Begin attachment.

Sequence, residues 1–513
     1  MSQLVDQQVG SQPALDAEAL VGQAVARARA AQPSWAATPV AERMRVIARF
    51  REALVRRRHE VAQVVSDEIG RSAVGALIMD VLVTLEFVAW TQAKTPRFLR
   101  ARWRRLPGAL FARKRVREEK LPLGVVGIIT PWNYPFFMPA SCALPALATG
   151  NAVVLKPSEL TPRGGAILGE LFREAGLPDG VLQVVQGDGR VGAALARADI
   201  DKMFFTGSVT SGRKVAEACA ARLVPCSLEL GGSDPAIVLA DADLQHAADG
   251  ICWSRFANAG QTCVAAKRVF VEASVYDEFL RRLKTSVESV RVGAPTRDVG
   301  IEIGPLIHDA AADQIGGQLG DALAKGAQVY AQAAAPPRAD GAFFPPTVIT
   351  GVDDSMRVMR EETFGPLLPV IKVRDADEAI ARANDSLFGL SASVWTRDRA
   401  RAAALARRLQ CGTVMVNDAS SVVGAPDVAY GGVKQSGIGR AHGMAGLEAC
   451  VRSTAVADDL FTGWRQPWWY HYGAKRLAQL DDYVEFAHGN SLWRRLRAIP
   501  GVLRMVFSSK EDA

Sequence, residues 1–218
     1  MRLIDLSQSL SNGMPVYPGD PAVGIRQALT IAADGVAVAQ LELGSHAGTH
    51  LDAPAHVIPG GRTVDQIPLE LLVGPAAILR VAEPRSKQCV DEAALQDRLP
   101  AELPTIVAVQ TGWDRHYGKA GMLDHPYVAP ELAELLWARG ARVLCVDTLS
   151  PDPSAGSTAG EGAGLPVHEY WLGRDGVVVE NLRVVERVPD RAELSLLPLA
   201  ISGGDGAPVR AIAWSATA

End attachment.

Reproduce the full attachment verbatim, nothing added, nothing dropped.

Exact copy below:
Sequence, residues 1–513
     1  MSQLVDQQVG SQPALDAEAL VGQAVARARA AQPSWAATPV AERMRVIARF
    51  REALVRRRHE VAQVVSDEIG RSAVGALIMD VLVTLEFVAW TQAKTPRFLR
   101  ARWRRLPGAL FARKRVREEK LPLGVVGIIT PWNYPFFMPA SCALPALATG
   151  NAVVLKPSEL TPRGGAILGE LFREAGLPDG VLQVVQGDGR VGAALARADI
   201  DKMFFTGSVT SGRKVAEACA ARLVPCSLEL GGSDPAIVLA DADLQHAADG
   251  ICWSRFANAG QTCVAAKRVF VEASVYDEFL RRLKTSVESV RVGAPTRDVG
   301  IEIGPLIHDA AADQIGGQLG DALAKGAQVY AQAAAPPRAD GAFFPPTVIT
   351  GVDDSMRVMR EETFGPLLPV IKVRDADEAI ARANDSLFGL SASVWTRDRA
   401  RAAALARRLQ CGTVMVNDAS SVVGAPDVAY GGVKQSGIGR AHGMAGLEAC
   451  VRSTAVADDL FTGWRQPWWY HYGAKRLAQL DDYVEFAHGN SLWRRLRAIP
   501  GVLRMVFSSK EDA

Sequence, residues 1–218
     1  MRLIDLSQSL SNGMPVYPGD PAVGIRQALT IAADGVAVAQ LELGSHAGTH
    51  LDAPAHVIPG GRTVDQIPLE LLVGPAAILR VAEPRSKQCV DEAALQDRLP
   101  AELPTIVAVQ TGWDRHYGKA GMLDHPYVAP ELAELLWARG ARVLCVDTLS
   151  PDPSAGSTAG EGAGLPVHEY WLGRDGVVVE NLRVVERVPD RAELSLLPLA
   201  ISGGDGAPVR AIAWSATA